The last major ethical infringement under the Wal-Mart effect is the companys monopolistic competition. The retail giant still has big competitors, but it has slowly phased out weaker participants that lack the capital to expand as rapidly as Wal-Mart. If they continue with this practice, it is likely that eventually more of their competitors will go out of business and the will operate as a monopoly. For two-thirds of Americans, Wal-Mart is the single largest employer in the state that they live. Even at $9 per hour, a years wage for the front line associate with a family of four falls below the 2006 federal poverty level of $20,000. A study by the consulting firm Global Insight concluded that Wal-Marts expansion has saved U.S. consumers $263 billion in commodity goods is deeply flawed. A robust set of research findings shows that Wal-Mart;s entry into the local labor markets reduces the pay of workers in competing stores. This effect is largest in the southern states, where Wal-Marts expansion has been the greatest. Wal-Mart could raise wages and benefits significantly without raising prices and still earn a healthy profit. Wal-Marts main strategy is to bring the lowest possible prices to consumers. Meanwhile, they possess the power to squeeze profit-killing concessions from vendors. To survive in the face of pricing demands, makers of everything from bras, bicycles to blue jeans had to lay off employees and close U.S. plants in favor of outsourcing products from overseas. In other words, Wal-Marts strategy raises the unemployment rate. In looking at our options, we decided that the best plan of action is to institute public policy on the amount of information large corporations should provide to the public, rather than allowing them to choose what kind of information, they can release. Historically, Wal-Mart has had a corporate culture of secrecy when it comes to releasing information about the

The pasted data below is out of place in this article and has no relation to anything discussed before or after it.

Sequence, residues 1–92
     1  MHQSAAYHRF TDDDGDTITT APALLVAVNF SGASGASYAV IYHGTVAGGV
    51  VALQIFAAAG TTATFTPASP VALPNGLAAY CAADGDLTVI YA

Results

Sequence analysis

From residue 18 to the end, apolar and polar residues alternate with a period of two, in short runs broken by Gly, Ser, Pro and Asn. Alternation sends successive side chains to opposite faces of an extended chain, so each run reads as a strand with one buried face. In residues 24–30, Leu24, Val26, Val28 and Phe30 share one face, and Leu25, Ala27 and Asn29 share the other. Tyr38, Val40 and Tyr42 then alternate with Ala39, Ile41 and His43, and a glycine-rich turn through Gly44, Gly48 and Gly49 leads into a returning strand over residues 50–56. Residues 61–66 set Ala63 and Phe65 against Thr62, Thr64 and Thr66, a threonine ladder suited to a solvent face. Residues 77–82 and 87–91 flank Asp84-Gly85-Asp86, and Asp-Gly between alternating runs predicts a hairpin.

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Wal-Mart H.Bailey, M.Himpele,C.Hotaling, Z.Wang, L.Whitton